As I have learned more about worship, I have learned about many spiritual disciplines that are less well-known. I wanted to write a few blog posts on those, the first of which is contemplative prayer. When we first come to Christ, the first type of prayer we learn is to ask God for our needs. Then as we grow, we learn to follow a method such as the ACTS method of prayer so that we aren’t just asking, but also praising, thanking, and confessing. We can grow even more in the practice of prayer by learning to center prayer around a deeper level of communion with God and focusing on growing in intimacy with Him. This is contemplative prayer. I asked a friend, Michael Tonn, to write about this because his spiritual temperament is contemplative so he is drawn to this type of prayer. I hope you enjoy entering into this experience of contemplative prayer with him.
You walk into a dimly lit room. There is a single chair a few paces from a small table. The lone light in the room is pointed down on a book, which you find out to be the Bible as you approach.
It’s opened to the Psalms, with this part highlighted:
“For the LORD is good, and His love endures forever; His faithfulness continues through all generations.”
You sit down in the comfy chair, close your eyes, and breathe in deeply.
“For the LORD is good…” you whisper.
The Lord has been good to you. He has given you life, given you a place to sleep, clothes to wear, food to eat, work to do, family, friends, and so much more.
As you mull over these thoughts, your friend walks in with an elated look on her face and quickly crosses the room.
“Oh, you have to come right now, we are going to this party, and there’s gonna be so many cool people there and…”
Just as you open your eyes and start to nod and raise, you see the Bible.
As you pass by, your eye catches that verse:
“His faithfulness continues through all generations.”
You pause beside the table, and your friend doesn’t even notice that you haven’t followed. You return to your chair, and let your eyes sink closed again.
God has been faithful, ever since the Garden. Up to Abraham, Isaac, and Jacob and beyond. He has never broken His covenant with His people. And His promises extend all the way up to you, today, right
Then, your boss steps into the room and slams the door, jarring you from this prayer. He wears a stern look, arms crossed. Soon, he marches straight toward you, gaze fixed downward.
“Those reports were never done. Didn’t I tell you to tell Samantha those needed to be done last week? The regional manager is going to lose it and I’m not…”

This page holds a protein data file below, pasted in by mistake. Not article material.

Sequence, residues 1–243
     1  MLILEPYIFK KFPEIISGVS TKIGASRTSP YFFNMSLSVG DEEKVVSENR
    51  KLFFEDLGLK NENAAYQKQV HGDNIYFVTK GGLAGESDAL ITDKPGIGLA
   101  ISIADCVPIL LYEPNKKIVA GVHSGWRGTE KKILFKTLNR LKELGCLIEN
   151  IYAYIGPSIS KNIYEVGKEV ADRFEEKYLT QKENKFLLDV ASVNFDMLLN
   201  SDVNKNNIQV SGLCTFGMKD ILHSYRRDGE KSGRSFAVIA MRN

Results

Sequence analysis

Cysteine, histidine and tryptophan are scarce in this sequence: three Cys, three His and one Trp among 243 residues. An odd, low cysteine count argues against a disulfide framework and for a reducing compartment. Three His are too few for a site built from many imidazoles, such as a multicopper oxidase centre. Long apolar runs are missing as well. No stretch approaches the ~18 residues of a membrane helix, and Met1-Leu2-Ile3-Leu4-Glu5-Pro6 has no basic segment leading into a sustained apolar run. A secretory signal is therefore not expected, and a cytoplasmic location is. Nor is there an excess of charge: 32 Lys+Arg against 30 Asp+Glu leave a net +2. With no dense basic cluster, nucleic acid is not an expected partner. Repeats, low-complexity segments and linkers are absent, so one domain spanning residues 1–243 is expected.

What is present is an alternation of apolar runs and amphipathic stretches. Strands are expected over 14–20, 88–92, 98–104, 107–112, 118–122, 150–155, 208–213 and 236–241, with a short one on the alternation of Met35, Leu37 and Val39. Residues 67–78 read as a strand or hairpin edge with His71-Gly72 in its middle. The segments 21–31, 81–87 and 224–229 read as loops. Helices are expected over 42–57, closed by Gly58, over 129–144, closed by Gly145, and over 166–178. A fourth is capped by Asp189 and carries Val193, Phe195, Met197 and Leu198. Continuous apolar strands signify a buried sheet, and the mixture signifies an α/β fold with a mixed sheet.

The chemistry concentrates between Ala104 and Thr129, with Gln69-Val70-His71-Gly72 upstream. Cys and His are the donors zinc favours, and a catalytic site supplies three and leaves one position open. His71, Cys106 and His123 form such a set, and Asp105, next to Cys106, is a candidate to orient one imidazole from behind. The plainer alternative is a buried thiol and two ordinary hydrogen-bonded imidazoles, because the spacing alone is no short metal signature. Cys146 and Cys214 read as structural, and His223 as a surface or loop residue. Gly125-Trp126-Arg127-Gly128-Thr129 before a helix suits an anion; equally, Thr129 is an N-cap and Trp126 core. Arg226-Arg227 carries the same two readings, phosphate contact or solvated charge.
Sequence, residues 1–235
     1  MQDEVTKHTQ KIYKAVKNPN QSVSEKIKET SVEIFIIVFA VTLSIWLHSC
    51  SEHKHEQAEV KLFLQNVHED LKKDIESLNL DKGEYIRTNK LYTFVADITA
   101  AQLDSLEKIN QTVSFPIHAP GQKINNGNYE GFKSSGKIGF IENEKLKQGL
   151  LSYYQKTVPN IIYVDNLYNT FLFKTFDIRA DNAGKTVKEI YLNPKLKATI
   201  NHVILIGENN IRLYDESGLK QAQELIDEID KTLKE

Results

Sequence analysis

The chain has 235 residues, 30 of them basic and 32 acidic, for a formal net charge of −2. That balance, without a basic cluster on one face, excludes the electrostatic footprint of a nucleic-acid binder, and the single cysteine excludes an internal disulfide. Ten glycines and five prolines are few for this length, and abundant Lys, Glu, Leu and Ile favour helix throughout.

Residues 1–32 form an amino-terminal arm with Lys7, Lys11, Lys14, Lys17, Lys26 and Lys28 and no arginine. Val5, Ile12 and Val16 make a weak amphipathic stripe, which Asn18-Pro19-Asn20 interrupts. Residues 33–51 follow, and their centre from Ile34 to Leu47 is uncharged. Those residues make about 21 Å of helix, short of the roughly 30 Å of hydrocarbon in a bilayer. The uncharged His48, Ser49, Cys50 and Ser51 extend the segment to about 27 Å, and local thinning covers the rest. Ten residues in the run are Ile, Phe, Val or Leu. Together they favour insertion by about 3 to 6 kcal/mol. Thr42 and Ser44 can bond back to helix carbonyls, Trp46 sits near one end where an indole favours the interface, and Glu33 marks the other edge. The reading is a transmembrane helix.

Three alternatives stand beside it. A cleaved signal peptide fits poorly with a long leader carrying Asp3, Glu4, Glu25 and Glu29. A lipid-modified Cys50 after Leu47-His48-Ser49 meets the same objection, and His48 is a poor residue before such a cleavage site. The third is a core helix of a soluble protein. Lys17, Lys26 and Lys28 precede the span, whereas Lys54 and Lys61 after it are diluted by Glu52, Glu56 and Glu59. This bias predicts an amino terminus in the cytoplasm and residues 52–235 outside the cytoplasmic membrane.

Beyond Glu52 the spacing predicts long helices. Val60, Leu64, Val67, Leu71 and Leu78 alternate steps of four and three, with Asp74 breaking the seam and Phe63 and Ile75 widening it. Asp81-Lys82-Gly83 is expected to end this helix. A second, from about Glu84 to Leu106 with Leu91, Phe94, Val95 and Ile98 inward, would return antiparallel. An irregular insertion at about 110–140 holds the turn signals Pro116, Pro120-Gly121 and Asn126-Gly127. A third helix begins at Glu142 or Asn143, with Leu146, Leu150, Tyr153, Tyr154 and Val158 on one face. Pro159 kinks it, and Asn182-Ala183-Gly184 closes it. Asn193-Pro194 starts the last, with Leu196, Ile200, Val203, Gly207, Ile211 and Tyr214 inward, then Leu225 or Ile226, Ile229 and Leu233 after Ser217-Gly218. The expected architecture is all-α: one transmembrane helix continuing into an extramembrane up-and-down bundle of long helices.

You haul yourself up and drag after the man in the tie. But again, you hesitate at the open word of God.
“…His love endures forever…”
Your boss is still muttering under his breathe before he cranks the door closed.
You turn back; the chair is still warm when you return. It’s easier this time to slip into your deep breathing and close your eyes.
“His faithfulness continues…”
This has been an exercise in contemplative prayer. The room is really your “prayer closet.” The light is your focus, your attention. It rests on the Word. However, people and concerns of the world can interrupt this time you are having. They want to drag you away from that peaceful place. But we can use God’s words to draw us back to Him, back to His loving presence.
And that’s the most important part: knowing His presence. This focus can be obtained using Scripture, a hymn or worship song, an experience or event that brought you closer to relationship with the Lord, or the gentle affirming words of a brother or sister in Christ.
The main focus is to allow God to bring you closer in intimacy with Him. Unlike some other forms of prayer, it’s almost a ceasing of work. Saints in centuries past had different ways to describe it – “watering a garden” was used by Teresa of Avila. It’s God providing the means and the ability to draw closer to Him.
The only caveat I add here is that such intimacy can dislodge many powerful experiences or memories within you. As you seek to draw closer to God, He will work at revealing and removing anything that
stands between closer communion with Him. This is the true desire of every Christian soul – to be loved and known by the Beloved. It is very helpful to go slowly, and also to find someone more skilled in this form of prayer to share thoughts and experiences.
But with months and years of gentle and persistent practice, you can experience many rich rewards from God through contemplative prayer.